Key performance indicators (KPI) are important management tools to measure the effectiveness of existing operating systems of organizations. To assess overall organizational performance, management should formulate a set of performance indicators for each vital area of activities the organizations carry out to attain predetermined goals and objectives. In a manufacturing or merchandising concern, you would expect a KPI supply chain system to play an important role in communicating to management the efficiency or lack of efficiency of the distribution system in place.
An efficient supply management system can translate to a competitive edge for business concerns. The use of advanced technology have opened greater opportunities for generating bigger volume of business by promoting more efficient supply ordering, tracking, and delivery systems. Through the supply chain and maintenance of data, businesses can now track individual packets through the supply chain allowing for delivery speed adjustments when needed.
They do not get that efficient overnight; however, technology certainly has provided businesses the means to meet customer demands easier, but it also resulted to a lot of data to process when managers have to come up with key performance indicator supply chain assessments.
Now, a good key performance indicators supply chain measure would reduce such voluminous data into more intelligible and concise statements from which managers base their assessment of whether the primary objective of the organization are being met or not, the primary objective being that supplies reach customers on time to maintain a healthy level of customer satisfaction rates. The KPI measure would be presented in numerical figures, usually in ratios or percentages.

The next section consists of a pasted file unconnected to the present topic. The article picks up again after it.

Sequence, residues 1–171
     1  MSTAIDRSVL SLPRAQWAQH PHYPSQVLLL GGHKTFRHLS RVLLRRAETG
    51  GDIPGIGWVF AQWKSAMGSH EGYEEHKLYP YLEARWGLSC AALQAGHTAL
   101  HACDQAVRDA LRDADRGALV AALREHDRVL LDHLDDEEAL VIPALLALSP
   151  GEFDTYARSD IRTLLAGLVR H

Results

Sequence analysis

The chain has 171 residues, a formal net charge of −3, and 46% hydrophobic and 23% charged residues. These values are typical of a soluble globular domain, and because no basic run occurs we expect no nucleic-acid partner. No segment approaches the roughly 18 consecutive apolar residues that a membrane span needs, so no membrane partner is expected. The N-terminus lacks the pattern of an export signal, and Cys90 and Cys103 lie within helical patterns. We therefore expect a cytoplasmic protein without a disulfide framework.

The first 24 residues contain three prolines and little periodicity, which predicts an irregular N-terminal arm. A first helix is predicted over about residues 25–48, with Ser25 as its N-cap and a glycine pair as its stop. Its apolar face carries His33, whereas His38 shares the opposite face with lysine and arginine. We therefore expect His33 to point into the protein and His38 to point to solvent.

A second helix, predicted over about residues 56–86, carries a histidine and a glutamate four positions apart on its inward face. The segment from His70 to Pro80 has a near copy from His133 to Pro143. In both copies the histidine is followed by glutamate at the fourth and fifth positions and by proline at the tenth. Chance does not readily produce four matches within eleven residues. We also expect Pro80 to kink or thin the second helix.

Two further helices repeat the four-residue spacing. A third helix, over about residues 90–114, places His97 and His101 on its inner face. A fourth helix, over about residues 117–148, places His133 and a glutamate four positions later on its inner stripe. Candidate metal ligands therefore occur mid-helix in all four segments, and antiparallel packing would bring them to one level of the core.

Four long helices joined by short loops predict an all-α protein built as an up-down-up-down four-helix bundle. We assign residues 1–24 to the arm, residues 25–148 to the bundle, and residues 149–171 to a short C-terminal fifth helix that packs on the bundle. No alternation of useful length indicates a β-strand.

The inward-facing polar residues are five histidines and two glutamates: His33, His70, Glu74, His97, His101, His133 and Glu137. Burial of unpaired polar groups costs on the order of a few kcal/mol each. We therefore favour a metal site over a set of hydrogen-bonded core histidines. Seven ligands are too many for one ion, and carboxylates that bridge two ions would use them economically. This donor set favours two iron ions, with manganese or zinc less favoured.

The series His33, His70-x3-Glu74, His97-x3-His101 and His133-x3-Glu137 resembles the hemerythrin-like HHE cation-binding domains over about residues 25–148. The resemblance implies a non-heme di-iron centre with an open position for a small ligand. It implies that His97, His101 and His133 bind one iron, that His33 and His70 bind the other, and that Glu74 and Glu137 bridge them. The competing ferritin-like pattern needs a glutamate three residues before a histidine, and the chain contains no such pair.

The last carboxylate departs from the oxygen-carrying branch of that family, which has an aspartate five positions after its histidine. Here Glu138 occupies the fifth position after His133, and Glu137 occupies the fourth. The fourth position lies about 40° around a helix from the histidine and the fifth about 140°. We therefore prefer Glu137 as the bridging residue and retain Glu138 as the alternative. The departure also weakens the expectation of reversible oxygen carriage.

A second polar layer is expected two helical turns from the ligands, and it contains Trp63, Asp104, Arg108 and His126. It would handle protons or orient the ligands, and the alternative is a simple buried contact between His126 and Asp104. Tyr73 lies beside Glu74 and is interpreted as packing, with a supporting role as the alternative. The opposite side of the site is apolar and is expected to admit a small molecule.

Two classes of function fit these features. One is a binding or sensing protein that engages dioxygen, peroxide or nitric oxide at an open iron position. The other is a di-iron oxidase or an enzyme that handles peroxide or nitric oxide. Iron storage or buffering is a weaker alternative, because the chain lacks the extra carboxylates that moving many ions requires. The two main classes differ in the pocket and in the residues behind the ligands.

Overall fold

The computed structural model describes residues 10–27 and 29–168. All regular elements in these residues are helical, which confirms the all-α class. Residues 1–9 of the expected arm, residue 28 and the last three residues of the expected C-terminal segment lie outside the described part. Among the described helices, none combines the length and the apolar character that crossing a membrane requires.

In the process of reducing the millions of data generated by the supply chain system into that intelligible figure, some of the relevant data are lost. In other words, the quantitative presentation of the measure may only be partly true because some of the important facts about efficiency or inefficiency of the system cannot, of course, be captured by a numerical presentation. To illustrate, the system may be more focused on delivering fast selling supplies to customers on time while neglecting the slower moving ones. The ratio will naturally not reflect this and managers may not know that the satisfaction level of a segment of customers is plummeting, which can have negative effects in the future. A favorable measure output will most likely lull managers into thinking that all is well when there are brewing issues undetected in the background.
Evidently, mangers must determine what areas of the KPI supply chain system must be given more importance in determining its efficiency. Most often, the tendency is to reduce assessment into mere numerical figures, easy to read perhaps but lacking in information, which could prompt appropriate action. From the mountains of data the system is tossing onto managers’ laps, there is a need to pick which can explain and probably qualify the efficiency ratio being presented, especially when it is one, which managers like to look at. The ability of managers to settle on the crucial key performance indicators within the supply chain system can do a lot in ensuring that efficiency assessments ratios are accompanied by verifiable qualitative assessments.
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